California low-wage workers demand more amid rising cost of living

Fast food cooks and cashiers. Guardians. Housekeepers. Hospital staff. School bus drivers. Guardians. State employees.

Workers in all kinds of industries are demanding more wages and benefits in order to keep up with California’s rising cost of living. They’re backed by a wave of Democratic-led legislation rolling through the state Capitol — converging with Governor Gavin Newsom’s ballot measures and funding demands — to create a moment for workers’ rights that seems unique even for one of the most unionized. States friendly to the nation.

The calls come as support staff at Los Angeles Unified — the nation’s second-largest school district — walked out of striking classrooms and state workers rallied outside the Capitol in Sacramento this week.

“We used to be able to afford to go to restaurants, but even fast food is expensive…we used to donate to food banks and now we find ourselves going to those same food banks to get things for ourselves- same,” Department of Motor Vehicles employee and SEIU Local 1000 member Tammy Rodriguez tearfully said on the steps of the Capitol Monday ahead of contract negotiations with the state. “As state employees, we should be able to afford only everyday things.”

Earlier this month, domestic workers such as nannies and housekeepers stood on those same steps to pass a bill by State Senator María Elena Durazo (D-Los Angeles) that would would afford the job security protections offered to most other employees in the state.

“I actually had a miscarriage because of the level of dangerous conditions I encountered,” California Domestic Workers Coalition member Mirna Arana said in Spanish through a translator, describing the cleaning 10 houses a day at the height of his life. workload. “No other worker should go through what I went through.”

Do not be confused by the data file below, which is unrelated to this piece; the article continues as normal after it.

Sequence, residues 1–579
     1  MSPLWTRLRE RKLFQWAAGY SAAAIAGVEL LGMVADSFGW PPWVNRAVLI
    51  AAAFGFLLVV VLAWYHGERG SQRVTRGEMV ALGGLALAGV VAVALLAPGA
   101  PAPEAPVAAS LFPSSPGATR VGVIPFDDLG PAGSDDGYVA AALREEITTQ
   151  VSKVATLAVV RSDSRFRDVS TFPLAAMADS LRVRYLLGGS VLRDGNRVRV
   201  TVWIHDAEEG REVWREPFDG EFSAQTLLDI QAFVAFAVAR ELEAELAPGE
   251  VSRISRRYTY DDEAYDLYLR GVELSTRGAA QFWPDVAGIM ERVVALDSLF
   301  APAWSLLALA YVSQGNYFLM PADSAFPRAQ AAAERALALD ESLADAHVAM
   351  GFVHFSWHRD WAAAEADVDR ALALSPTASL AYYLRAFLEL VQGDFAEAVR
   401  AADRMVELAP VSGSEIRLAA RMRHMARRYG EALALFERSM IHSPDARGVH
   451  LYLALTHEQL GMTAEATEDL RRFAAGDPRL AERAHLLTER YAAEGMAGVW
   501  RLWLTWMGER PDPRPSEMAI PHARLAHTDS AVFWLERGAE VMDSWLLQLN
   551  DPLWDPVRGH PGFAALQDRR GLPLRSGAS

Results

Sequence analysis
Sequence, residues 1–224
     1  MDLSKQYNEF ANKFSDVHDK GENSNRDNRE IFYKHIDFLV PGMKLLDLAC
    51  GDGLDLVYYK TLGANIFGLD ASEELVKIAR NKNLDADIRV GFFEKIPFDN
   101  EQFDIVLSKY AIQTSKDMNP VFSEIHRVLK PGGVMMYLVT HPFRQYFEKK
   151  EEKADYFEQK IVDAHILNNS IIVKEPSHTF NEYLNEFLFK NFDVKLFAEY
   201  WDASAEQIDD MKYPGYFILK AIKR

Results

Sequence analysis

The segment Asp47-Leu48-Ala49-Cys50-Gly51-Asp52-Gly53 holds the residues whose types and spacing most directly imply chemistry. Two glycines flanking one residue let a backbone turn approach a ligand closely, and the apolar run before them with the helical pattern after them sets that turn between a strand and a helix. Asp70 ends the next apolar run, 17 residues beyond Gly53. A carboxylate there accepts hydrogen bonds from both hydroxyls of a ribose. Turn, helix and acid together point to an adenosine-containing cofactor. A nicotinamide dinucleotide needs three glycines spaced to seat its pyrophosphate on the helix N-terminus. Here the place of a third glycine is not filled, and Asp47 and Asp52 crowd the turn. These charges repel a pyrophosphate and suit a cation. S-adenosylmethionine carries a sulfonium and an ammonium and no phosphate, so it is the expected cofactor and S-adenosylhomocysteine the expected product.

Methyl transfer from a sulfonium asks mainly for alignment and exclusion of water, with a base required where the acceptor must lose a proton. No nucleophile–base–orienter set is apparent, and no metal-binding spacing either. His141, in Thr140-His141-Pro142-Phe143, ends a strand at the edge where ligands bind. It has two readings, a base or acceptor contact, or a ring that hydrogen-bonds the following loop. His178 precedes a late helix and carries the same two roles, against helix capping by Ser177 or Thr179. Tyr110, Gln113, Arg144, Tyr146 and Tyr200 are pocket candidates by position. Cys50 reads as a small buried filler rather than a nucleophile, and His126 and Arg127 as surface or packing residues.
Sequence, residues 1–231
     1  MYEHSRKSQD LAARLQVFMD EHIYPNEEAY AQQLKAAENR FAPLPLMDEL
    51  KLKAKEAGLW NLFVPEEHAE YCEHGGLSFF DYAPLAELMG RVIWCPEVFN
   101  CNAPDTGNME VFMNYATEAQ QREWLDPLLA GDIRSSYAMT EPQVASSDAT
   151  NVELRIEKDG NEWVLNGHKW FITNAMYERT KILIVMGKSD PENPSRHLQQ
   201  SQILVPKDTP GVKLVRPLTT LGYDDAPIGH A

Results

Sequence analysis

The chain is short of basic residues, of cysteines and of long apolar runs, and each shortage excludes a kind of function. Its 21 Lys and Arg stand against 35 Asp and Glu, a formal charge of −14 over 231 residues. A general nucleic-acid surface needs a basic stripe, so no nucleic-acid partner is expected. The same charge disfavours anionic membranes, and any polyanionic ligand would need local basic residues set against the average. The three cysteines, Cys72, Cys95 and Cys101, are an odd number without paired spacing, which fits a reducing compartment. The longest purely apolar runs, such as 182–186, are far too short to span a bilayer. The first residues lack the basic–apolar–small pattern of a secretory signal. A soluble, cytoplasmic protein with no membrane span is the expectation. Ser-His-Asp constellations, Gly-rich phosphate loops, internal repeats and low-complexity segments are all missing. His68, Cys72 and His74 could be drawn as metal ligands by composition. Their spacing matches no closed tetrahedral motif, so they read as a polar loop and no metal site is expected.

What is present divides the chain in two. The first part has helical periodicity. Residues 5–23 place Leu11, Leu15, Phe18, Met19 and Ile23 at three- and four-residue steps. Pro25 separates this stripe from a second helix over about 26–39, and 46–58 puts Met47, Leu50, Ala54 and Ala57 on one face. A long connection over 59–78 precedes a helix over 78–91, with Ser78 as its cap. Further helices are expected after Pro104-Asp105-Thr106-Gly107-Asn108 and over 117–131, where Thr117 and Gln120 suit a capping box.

Tia Orr, executive director of Service Employees International Union California, said while the state has “always been the tip of the spear” when it comes to workers’ rights, the ongoing pandemic frustrations of those workers deemed essential, combined with inflationary pressures , have created a particular dynamic.

Bills introduced this year include a mandate for a $25 minimum wage for health care workers; a proposal to more than double paid sick leave; and new regulations for fast food franchisees regarding wages and hours. Meanwhile, a ballot measure will ask voters next year if they support raising the statewide minimum wage to $18 an hour, which, if passed, would make it the highest in the country.

“We are moving forward with an aggressive agenda that we believe is a game-changer and hope to shift the balance of power in favor of the worker,” said Orr, who represents 700,000 service workers. “People are tired of corporate power. And it’s going to take more than salaries: they want a clear, loud voice and a seat at the table.